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 ILC2021-8 Session 3 - Presentation of Dr. Vladimir Petrovsky

European integration was built on the foundation of reconciliation and the accord reached between the countries of Europe following the Second World War. Economic cooperation between European countries and the creation of the European Union became possible on the basis of the understanding that Europeans will never again fight each other.

However, this has not yet happened in Northeast Asia (NEA). The presence of unresolved territorial disputes and conflicts, and the absence of regional mechanisms for regional security and cooperation, are rooted in the events of recent history in the second half of the 20th century, and are caused by the historical and geopolitical contradictions associated with them. Different and sometimes opposite interpretations of the historical, geopolitical and international legal consequences of the end of World War II in the Pacific Ocean gave rise to territorial conflicts between the countries of the region that have not yet been resolved.

We should also take into account the differences in the political culture of the countries of Europe and Northeast Asia. If Europeans are historically inclined towards collective interaction (Concert of Europe, League of Nations, etc.), then this cannot be said about the NEA region, which has always felt a lack of mechanisms for collective action in the field of security and economic cooperation.

The key question is whether the creation of an isolated economic union of Northeast Asia is possible, or if it will take place in the context of the formation of mechanisms of multilateral integration processes in the field of economy and trade, including the Comprehensive Regional Economic Partnership (RCEP) and the Comprehensive Progressive Trans-Pacific Partnership (CPTTP).

The question is also what the future holds for the trilateral free trade zone between Japan, the Republic of Korea and the PRC, negotiations on the creation of which have been going on for several years, despite the fact that each of these countries has already entered the RCEP or CPTTP.

Another important question is whether the economic union in NEA will be inclusive or closed to certain countries (for example, China). At the same time, it should be borne in mind that in Eurasia there is a process of conjugation of Eurasian economic integration within the framework of the Eurasian Economic Union (EAEU) and the Chinese Belt and Road Initiative (API). If implemented, it will radically change the geo-economic and geopolitical situation in Eurasia.

The idea of ​​the Greater Eurasian Partnership (BEP) proposed by Russia is designed to harmonize various regional economic formats based on the principles of transparency and mutual benefit. So far there have been no precedents for interblock trade and economic partnerships; however, according to experts, it is quite possible in a 10-year perspective to form the BEP as a network of free trade zones (FTZ), a set of trading blocks, the most likely format of which would be the so-called "bowl of spaghetti."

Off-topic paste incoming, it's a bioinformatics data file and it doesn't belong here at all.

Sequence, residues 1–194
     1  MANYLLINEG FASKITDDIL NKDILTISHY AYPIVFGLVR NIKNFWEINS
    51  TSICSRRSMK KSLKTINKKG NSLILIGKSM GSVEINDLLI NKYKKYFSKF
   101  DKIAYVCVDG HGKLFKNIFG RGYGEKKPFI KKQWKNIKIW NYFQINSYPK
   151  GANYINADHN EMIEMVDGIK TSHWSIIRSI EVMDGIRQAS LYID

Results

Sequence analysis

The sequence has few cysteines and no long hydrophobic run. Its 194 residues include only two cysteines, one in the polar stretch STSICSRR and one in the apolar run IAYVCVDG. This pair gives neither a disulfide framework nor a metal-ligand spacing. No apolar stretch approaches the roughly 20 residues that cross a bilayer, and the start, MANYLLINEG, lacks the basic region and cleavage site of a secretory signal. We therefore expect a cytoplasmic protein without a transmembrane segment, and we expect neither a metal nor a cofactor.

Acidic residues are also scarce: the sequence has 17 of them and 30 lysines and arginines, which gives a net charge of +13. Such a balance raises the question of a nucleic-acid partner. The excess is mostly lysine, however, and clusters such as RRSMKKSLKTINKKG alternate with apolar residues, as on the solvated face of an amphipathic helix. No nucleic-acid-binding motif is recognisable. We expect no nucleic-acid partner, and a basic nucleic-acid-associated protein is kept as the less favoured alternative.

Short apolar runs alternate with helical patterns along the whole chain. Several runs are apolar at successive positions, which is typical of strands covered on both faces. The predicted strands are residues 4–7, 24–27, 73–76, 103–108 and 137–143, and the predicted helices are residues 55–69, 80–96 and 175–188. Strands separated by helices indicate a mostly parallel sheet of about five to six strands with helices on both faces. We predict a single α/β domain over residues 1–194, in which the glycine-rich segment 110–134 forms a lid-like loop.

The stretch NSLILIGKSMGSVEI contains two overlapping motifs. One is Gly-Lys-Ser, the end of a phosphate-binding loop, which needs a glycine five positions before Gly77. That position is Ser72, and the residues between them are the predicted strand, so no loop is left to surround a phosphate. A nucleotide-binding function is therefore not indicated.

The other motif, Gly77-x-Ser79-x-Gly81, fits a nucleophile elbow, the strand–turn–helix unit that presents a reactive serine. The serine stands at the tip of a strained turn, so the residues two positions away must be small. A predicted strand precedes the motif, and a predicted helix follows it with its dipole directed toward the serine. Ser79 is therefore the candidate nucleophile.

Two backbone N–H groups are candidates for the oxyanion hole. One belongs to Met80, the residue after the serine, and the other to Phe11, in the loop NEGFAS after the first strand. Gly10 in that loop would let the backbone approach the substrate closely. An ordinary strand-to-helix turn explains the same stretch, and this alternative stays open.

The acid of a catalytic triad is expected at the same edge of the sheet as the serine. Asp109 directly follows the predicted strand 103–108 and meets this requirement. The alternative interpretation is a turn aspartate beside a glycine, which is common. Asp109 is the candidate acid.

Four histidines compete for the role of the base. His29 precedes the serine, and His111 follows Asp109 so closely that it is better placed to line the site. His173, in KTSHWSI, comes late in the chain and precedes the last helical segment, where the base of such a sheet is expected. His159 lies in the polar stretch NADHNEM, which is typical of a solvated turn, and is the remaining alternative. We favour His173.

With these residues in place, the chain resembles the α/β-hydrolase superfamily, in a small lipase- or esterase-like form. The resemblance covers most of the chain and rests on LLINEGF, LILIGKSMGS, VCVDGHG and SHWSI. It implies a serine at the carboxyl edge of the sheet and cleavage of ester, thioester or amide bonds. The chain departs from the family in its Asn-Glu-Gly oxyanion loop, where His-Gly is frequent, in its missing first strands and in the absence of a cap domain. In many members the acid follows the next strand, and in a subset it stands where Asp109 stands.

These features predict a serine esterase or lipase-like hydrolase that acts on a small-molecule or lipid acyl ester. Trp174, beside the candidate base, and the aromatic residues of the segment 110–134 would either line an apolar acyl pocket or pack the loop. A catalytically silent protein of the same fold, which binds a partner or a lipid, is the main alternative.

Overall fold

The processes of development of cross-border and interregional cooperation in NEA are also very important. The experience of the Association of North-East Asia Regional Governments ("NEAR") should be studied. It is an organization for supporting interregional cooperation, which includes the regional governments of Russia, China, Japan, the Republic of Korea, North Korea and Mongolia. The Association unites 77 regional administrations, including 16 from the Russian Federation.

Large infrastructure projects that would enhance the economic interconnection of the region can become the driver of the creation of an economic union in NEA: underwater bridges-tunnels across the Bering Strait, between Sakhalin and Hokkaido, as well as connecting Japan and South Korea.

The latter can become especially important due to its great length (more than 200 km). At the same time, one should take into account the experience of the Chinese project for the construction of a tunnel that will pass under the Bohai Bay and will connect the port of Yantai in Shandong province in the south with Dalian in Liaoning province in the north.

The tunnel will stretch for 125 kilometers - this is more than the length of the two longest underwater tunnels of our time combined: the Japanese Seikan (53.85 kilometers) and the Eurotunnel under the English Channel (51 kilometers).

The project is worth about $ 43 billion and will take 19 years to complete. Its implementation will significantly reduce the travel time between the largest ports at the entrance to the Bohai Bay. Now, by car from Yantai to Dalian, you can get there in 12-15 hours, by ferry - in 6-7 hours, through a new underwater tunnel it will take only an hour.

This project has funding sources, a compelling business case, and an acceptable payback period of 10-12 years. If such conditions are met, then the construction of an underground tunnel connecting Japan and the Republic of Korea will become possible. It should be borne in mind that its final destinations, Busan and Fukuoka, are already connected by a high-speed sea ferry, which casts doubt on the economic feasibility of the underwater bridge-tunnel project.

 

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